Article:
Spain has just revised upward the estimate of its 2011 budget deficit. The current estimate stands at -8.51% of GDP (that deficit number could still be revised upward).
It is absolutely clear that there is no possible way for Spain to meet the current -4.4% of GDP budget deficit commitment recently agreed to with the Germans and the rest of the EU without causing a horrific economic collapse of Greek proportions. If the Spaniards were to attempt expenditures cuts and tax increases to close the projected fiscal gap, an massive economic contraction would result which would make the fiscal situation even more tenuous and increase the risk of default manifold.
Given the current run rate of economic growth of -1.0% and conservatively assuming a multiplier of 1.0, expenditure cuts and tax increases calculated to close the fiscal gap would cause an economic contraction in the neighborhood of -5.0% of GDP. In all likelihood, just as occurred in the Greek case, the economic collapse would be deeper, and the measures would be self-defeating, producing a budget deficit even worse than the -8.51% figure registered in 2011.
By all accounts, even without additional austerity measures to close the projected fiscal gap, economic activity in Spain will contract significantly in 2012 relative to 2011. This means that it should be expected that Spain's fiscal deficit in 2012 should be worse than it was in 2011. My own conservative estimate is for Spain is a budget deficit of 9% of GDP for 2012 - and it could very well be worse.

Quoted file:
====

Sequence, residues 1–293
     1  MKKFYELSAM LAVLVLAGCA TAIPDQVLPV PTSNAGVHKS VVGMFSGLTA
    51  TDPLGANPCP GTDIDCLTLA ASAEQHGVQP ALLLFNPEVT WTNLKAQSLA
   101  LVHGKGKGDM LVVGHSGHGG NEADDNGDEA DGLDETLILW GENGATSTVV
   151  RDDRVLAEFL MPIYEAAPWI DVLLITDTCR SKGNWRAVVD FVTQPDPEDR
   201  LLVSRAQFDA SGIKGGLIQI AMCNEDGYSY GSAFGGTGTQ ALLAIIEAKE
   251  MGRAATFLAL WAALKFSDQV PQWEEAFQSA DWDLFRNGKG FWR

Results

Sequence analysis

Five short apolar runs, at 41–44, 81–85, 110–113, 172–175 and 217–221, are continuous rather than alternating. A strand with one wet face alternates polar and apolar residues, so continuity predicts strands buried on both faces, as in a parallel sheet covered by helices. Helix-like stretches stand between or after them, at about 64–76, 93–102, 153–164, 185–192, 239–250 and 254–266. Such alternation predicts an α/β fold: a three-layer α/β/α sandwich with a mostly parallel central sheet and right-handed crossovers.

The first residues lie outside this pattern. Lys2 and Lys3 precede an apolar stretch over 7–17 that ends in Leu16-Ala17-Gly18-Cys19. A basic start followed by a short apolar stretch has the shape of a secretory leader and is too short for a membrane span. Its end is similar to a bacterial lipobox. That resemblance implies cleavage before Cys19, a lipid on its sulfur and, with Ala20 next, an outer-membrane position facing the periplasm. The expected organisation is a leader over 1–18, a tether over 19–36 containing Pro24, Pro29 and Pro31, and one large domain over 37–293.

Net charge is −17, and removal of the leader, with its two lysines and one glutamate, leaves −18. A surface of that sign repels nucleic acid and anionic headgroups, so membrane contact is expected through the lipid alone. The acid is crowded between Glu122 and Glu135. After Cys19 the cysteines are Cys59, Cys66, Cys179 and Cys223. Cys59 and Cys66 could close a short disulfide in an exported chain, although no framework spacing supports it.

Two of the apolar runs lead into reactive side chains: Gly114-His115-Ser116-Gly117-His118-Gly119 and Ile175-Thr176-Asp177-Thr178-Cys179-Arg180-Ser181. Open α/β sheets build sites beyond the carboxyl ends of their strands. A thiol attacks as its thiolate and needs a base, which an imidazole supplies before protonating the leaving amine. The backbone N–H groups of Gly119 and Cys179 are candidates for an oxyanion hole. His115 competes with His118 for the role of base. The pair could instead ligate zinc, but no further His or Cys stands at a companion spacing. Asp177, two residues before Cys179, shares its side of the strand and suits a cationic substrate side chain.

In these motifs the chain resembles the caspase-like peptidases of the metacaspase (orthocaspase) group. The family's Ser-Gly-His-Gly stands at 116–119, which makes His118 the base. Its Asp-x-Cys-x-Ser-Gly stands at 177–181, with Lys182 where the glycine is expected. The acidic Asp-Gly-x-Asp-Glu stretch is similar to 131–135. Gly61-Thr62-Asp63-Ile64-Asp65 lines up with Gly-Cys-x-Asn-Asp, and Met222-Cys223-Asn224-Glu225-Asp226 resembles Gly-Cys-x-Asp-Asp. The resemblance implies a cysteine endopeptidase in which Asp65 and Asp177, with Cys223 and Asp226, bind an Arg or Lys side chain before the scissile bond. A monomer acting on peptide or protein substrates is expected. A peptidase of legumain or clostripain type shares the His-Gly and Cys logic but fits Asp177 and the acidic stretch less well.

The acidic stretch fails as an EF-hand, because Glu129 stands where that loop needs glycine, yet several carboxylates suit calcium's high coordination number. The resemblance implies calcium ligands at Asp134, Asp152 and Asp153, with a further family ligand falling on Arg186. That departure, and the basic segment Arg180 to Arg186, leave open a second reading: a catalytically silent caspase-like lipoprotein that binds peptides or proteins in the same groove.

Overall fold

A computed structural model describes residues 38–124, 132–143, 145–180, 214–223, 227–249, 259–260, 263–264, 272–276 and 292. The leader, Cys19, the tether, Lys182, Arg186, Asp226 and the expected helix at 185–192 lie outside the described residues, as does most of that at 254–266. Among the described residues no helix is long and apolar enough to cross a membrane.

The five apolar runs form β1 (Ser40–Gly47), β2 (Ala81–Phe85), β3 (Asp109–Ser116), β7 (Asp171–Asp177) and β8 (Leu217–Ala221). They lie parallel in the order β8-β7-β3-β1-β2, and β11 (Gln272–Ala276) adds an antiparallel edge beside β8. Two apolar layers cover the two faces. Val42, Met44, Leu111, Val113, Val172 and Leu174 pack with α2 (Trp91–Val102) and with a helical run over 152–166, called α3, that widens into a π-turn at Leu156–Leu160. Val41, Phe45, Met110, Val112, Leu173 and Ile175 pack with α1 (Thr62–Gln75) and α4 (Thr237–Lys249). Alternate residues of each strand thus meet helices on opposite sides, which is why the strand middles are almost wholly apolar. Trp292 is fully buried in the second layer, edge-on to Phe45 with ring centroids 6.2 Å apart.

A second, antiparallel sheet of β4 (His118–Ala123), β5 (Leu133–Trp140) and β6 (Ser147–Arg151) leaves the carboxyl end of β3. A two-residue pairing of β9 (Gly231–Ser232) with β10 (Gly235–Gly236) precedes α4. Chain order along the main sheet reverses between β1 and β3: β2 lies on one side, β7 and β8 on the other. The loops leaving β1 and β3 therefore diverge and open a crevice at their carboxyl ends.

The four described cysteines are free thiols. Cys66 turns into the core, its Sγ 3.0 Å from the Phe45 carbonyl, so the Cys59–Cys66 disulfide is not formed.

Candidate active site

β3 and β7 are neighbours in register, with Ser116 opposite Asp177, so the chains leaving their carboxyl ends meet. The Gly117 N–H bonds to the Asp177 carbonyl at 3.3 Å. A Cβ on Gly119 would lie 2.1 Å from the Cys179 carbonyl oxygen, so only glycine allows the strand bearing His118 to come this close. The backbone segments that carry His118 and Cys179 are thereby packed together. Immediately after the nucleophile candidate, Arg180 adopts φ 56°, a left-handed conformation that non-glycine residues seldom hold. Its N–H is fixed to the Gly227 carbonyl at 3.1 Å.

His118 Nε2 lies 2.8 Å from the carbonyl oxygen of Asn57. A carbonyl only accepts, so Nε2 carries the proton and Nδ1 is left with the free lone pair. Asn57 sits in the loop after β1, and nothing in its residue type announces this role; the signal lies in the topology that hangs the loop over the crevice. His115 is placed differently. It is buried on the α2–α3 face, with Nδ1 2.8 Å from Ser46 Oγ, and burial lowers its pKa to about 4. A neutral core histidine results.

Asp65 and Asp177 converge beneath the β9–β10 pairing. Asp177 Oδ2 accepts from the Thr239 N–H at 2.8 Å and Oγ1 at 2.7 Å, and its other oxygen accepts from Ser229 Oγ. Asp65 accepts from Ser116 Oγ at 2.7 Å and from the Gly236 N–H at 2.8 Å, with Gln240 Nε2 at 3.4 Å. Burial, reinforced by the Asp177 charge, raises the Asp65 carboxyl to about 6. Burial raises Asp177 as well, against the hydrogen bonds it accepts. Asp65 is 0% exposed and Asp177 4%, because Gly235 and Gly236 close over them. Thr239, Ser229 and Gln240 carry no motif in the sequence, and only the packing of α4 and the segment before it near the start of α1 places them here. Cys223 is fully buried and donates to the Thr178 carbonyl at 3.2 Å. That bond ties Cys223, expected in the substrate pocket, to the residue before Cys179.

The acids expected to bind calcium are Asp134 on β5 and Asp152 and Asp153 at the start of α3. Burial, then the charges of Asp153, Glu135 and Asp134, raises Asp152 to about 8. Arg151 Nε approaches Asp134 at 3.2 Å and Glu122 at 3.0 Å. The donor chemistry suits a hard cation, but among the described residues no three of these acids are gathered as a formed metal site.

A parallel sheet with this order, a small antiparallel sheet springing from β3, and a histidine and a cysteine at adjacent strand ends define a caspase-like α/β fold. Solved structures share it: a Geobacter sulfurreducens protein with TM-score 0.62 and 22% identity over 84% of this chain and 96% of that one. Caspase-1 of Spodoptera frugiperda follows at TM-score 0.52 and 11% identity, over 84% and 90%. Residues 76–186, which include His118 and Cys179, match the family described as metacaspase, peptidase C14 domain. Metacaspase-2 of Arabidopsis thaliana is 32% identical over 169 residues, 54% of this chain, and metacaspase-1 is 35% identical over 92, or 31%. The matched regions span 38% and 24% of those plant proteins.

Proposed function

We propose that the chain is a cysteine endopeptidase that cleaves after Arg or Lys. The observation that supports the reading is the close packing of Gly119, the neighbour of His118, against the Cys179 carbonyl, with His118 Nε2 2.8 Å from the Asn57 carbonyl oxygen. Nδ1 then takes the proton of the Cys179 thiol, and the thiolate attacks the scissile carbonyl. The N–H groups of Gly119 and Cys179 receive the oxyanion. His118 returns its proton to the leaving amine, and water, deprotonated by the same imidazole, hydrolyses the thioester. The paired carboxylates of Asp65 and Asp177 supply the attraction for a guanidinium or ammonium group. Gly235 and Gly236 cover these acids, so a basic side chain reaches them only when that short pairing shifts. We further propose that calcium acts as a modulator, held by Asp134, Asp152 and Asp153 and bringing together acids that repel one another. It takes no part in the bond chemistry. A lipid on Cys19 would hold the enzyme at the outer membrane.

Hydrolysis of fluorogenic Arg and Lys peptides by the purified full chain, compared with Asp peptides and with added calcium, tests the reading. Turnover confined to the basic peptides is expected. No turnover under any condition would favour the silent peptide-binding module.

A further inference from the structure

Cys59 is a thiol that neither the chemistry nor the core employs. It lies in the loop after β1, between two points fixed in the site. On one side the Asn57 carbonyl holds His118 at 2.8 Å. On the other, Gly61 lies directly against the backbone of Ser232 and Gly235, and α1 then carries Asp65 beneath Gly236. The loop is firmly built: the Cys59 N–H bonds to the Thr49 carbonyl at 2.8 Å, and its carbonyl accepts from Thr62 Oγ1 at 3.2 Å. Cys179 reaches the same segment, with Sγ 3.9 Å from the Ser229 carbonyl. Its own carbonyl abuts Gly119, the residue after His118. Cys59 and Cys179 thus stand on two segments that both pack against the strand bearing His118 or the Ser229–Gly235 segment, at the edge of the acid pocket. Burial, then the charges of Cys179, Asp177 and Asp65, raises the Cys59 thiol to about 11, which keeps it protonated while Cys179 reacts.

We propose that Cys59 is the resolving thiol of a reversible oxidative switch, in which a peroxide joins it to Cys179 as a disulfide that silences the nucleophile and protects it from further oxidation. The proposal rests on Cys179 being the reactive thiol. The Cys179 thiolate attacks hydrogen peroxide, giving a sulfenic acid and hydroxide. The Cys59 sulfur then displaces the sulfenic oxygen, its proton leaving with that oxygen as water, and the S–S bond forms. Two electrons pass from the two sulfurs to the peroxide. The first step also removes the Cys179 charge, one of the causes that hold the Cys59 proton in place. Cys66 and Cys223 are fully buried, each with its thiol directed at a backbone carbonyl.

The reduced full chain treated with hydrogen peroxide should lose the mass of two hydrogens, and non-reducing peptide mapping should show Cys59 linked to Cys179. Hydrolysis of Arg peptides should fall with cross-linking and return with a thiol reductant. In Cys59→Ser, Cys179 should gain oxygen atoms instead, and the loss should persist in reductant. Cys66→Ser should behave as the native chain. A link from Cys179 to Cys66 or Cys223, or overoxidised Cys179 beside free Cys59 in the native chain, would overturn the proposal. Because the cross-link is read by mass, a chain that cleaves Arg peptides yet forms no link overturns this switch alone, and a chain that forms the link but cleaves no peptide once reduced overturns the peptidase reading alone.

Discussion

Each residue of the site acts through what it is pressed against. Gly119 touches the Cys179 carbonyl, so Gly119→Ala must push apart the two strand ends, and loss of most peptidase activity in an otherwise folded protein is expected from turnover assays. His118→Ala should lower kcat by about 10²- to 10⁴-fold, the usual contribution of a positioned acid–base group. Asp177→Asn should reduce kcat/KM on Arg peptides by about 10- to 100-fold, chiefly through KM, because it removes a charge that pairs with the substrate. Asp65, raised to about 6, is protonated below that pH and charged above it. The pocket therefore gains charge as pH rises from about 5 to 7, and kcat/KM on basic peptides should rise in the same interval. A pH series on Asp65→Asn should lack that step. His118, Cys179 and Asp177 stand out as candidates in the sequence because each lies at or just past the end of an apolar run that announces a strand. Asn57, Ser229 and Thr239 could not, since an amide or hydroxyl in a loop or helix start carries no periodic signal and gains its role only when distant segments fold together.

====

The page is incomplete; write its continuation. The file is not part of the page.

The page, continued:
Any bets that Germany is going to continue to approve financing and/or financing guarantees of deficits of this magnitude? It is important to note precedent: With much smaller sums at stake, Germany has been unwilling to be flexible with Greece - a situation that has resulted in an economic collapse of unprecedented proportions in the post-WWII period.
Spain and the rest of the PIIGS are on a collision course with Germany and the rest of the EU. The unfolding of this crisis is very near.
Reward-to-risk ratios are not good for investors considering equity investments in stocks such as Exxon Mobil (NYSE:XOM), IBM (NYSE:IBM) or Citigroup (NYSE:C) or equity index ETFs such as SPY, DIA, or QQQ.